After an unusually long day, I met up with my husband and friends for dinner. It was a nice time. I was weary but I felt blessed. When I came home I tended to email and found one from my cousin Tim. He wrote: Hi Lesley, I wasn’t sure if you had a copy of it or not. I spent the day today going through all of Grandpa’s slides, and scanning them. I separated all the ones that are of your family, and I will send them off in the mail to you if you send me your address. I know how much your garden means to you, and when I saw this I couldn’t wait for you to see it.”
When I saw the picture I cried. I had not known it existed, but upon seeing it, I felt the pull to a time long ago. It was as if my Grandma crossed over and reached out to me to remind me not to forget, to remind me to never give up on dreams.
As a young girl, I watched my grandmother tend faithfully to her roses and tomatoes and a host of other plants. I would be much older before I recognized the love she passed on to me of things which grow in the ground. My grandmother was a good cook who made homemade bread and plates of salad culled from her garden. She made the perfect roast beef. I never gave it any thought that she was more than the food she grew and cooked, the presents she wrapped for us, the beds she made sure were clean and warm for a long night’s rest. I took my grandmother for granted. It was never intentional. Rather, like most things, it is another example of the things and people we assume will always be there, only to find when they are not how much we miss them.
My grandmother did not complain of the wood burning stove she stoked daily to cook the daily fare, or the Sunday dinners we all attended. She found purpose, I believe, waiting on us. We sang her praises as the savory roast beef arrived from the oven and the bread lay perfectly leavened before us. She waited a long time before giving in to more contemporary cooking inventions. Before that moment arrived I will always remember the crackling wood giving heat to the stove she used and my grandmother’s tireless devotion to creating food that fed our hunger and our senses.
My grandmother danced with grace as my grandfather twirled her around the kitchen. She cheered the San Francisco Giants religiously each Sunday and many more times in between while watching her cherished TV or by listening to her portable radio she took everywhere with her including into the garden. I wonder now to a degree that I didn’t then what passions and hopes she carried within her that we never knew.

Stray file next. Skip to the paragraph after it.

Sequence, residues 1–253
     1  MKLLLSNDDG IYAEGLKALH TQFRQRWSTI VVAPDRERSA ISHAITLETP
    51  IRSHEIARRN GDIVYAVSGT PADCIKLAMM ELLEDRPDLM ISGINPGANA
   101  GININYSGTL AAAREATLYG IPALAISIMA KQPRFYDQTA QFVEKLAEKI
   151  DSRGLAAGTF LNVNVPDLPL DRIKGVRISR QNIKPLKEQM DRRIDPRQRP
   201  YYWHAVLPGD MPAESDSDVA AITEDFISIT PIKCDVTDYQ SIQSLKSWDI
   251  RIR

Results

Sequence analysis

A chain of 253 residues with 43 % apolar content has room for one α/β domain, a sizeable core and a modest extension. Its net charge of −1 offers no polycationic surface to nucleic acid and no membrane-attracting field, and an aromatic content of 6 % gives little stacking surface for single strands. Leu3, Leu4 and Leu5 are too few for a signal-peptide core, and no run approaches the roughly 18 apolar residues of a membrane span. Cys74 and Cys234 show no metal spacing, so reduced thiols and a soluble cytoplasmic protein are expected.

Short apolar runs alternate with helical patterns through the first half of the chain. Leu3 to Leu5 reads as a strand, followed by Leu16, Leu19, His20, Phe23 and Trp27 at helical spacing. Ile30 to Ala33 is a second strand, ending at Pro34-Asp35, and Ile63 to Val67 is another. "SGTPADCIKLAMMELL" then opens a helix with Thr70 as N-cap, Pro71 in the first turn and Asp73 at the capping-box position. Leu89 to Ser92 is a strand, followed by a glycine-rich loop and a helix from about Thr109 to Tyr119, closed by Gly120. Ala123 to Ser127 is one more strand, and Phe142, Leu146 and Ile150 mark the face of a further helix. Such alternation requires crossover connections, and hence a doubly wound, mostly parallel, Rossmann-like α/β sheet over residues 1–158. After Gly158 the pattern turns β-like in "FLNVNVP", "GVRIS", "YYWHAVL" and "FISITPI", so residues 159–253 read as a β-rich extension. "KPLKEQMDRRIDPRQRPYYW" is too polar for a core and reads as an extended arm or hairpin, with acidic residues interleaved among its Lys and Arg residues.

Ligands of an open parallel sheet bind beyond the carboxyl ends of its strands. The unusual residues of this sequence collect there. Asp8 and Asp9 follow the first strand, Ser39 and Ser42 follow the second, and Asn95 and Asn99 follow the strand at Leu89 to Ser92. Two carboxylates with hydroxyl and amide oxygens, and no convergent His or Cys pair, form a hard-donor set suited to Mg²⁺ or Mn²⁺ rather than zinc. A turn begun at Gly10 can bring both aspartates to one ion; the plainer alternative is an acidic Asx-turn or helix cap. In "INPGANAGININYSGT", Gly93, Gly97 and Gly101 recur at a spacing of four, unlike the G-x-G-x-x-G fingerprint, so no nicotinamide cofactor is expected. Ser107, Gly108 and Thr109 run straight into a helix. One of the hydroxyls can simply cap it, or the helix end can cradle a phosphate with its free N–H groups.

I told myself I would not grow up like my grandmother, because I thought she gave up too much of herself to please those around her, but now I see the foolishness of such thoughts. My grandmother’s life was not perfect but neither has been the life I have carved for myself in defiance of hers and my mother’s and all the others I may have judged in between.
My garden and all that comes from it is a reflection of what I have learned and keep learning. Like my grandmother, I grow tomatoes and nurture roses. On rarer occasions I bake bread, not as well as my grandmother, but certainly with the memory of her and the comfort she gave me each time I visited her. There are parts of my grandmother I will never know, but I figure the garden is probably the best place I can honor her memory and create a few of my own.
Tending a garden, tending a life for that matter, takes constancy. My Grandma was constant in her effort to give us comfort. Her table often shared these blessings. It was as if she were saying: if you want beauty, then you have to make time for it. She was also saying it was worth the effort. A rose well tended will give you constant pleasure. It may survive just fine in the absence of such care, but not so well. My Grandma may never have made the books of well-known figures, but her life and daily efforts made an indelible footprint in my life. She was and is one of my heroes.
I will treasure this picture always because it reminds me of the life that helped to mentor my life. We go along many paths in our journey. If we stop long enough, we may discover the treasures of our existence. They lie in landscapes of flowers and vegetables. They lie in the relationships that grace our lives daily. They lie in the sounds of birds feasting on seed. They lie in the memories found in pictures of people who touched us in ways we sometimes discover long after their departure from this world. We must nurture these gifts as if they are all we have. Crossing over my Grandma was saying just that. Thank you, Tim, for surrendering to the task of capturing memories. Thank you, Grandma, for speaking through him.